15:03 – Localization team dropped me an e-mail with the fully localized app description.  I was anxiously waiting for that because we were about to publish the build on the store. Now that I have it I won’t do it just yet. That’s a desert of my job so let’s save it for later.

15:14 – Planning. Some changes have to be made. We all agreed that we need to throw more assets at UI implementation because this has become an unexpected critical path in the main project. That requires a bit of reshuffling from me. Switching to the next project. Here I failed to convince my team about the need of reassigning some key artists from making trees to creating the first two vehicles for the game. Their argument was that a forest plays a big part in the game so it needs a top-notch trees. Even if that means spending more than a month on researching the right tree quality…

16:34 – Got an e-mail from our sound engineer. He made a couple of new UI sounds but did not answer my question about environmental sounds. That may mean that he either dislikes the idea or just did not have time to sit on the topic. That’s predictable because outsourcers do not have a rigid working schedule. Until all the deadlines are met we are fine with a little elasticity here, but I have to remind him about that because we don’t want this task to slip too far, do we?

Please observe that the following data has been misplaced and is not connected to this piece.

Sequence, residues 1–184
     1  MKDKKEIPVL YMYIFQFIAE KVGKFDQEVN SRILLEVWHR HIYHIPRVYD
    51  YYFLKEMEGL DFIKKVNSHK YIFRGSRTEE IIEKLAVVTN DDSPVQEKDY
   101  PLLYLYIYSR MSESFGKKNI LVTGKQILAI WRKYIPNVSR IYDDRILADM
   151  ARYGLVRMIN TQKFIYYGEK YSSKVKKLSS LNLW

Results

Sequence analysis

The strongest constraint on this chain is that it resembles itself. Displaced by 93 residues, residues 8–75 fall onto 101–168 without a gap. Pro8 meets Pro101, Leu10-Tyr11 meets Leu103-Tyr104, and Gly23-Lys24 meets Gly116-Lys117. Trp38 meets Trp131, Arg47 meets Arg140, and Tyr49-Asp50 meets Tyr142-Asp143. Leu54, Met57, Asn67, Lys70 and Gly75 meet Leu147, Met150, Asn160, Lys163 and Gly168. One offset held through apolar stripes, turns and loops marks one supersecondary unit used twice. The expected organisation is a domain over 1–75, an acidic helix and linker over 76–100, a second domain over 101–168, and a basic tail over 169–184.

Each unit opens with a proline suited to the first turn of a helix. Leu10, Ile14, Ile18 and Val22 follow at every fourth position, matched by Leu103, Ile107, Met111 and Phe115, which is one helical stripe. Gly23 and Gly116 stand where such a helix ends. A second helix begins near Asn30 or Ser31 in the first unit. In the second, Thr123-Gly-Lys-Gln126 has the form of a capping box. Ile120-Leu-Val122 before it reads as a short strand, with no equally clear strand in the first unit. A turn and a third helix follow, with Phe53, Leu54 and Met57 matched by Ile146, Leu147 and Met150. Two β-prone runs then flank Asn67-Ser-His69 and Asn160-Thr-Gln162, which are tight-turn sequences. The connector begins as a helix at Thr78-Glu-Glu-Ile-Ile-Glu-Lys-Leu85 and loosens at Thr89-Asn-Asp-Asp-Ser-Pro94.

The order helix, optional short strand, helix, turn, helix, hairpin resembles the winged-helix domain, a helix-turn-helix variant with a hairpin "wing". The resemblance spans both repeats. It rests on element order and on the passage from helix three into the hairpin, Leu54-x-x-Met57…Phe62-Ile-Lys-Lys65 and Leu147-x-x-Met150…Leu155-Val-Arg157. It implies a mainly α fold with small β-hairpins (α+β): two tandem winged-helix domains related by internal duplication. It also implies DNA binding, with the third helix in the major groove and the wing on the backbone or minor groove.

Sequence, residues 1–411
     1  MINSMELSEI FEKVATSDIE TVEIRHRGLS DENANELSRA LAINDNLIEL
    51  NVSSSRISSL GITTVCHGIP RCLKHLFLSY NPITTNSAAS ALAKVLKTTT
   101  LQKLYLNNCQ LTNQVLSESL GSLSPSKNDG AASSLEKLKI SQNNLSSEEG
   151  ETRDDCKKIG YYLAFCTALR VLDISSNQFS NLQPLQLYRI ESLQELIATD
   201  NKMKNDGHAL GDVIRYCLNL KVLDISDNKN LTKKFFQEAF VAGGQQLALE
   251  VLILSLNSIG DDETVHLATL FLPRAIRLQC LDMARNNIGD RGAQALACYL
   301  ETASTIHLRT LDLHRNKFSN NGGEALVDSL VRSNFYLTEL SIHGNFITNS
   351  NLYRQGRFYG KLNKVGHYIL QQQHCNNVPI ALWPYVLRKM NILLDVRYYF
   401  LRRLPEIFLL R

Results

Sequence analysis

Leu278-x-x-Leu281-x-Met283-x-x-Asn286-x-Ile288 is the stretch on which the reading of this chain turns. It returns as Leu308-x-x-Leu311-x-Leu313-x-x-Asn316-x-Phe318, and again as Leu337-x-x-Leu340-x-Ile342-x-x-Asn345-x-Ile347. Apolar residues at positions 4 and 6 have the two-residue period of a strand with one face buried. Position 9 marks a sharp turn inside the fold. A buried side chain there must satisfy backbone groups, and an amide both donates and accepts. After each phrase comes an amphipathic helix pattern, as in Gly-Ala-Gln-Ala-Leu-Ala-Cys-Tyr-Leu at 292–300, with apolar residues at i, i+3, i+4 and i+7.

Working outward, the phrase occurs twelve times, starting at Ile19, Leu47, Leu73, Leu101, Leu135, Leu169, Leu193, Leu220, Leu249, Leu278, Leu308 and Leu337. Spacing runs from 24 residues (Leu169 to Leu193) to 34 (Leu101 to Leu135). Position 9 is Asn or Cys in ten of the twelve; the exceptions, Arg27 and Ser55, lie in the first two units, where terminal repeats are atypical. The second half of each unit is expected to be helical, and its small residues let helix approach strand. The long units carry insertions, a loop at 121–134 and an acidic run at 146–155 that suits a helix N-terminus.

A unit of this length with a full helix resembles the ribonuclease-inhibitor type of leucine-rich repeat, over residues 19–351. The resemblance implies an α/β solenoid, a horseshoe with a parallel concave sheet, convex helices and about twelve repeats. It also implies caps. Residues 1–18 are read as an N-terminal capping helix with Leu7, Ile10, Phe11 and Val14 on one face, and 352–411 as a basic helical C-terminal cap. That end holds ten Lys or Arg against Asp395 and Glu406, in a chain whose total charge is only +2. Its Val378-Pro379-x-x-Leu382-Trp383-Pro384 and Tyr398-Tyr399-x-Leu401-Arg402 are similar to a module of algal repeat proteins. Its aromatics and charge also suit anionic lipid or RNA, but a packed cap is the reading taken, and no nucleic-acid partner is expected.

16:50 – More plan updates. When I’m thinking of being done at a certain hour I smile a little because it rather looks like 10 minutes of mail, then a talk, then a short phone call, then a talk with another person, then a remark for the whole team, another mail etc. But let’s say that around this hour I consider yet another round of updates for everybody omitted in the morning, those who should finish their tasks or those who are directly affected by the recent changes in the plan and should know about it.

18:15 – The day is coming to an end. Red sticky card keeps reminding me that I need to publish a game today. Setting up a release in Google Play is sooooo easy. I wish that consoles have this level of process simplicity. Pasting the description in a dozen languages is like dressing the cake that you are about to eat. Everything is done and tested. The whole process is over. Click “save”, then “publish” and it’s done.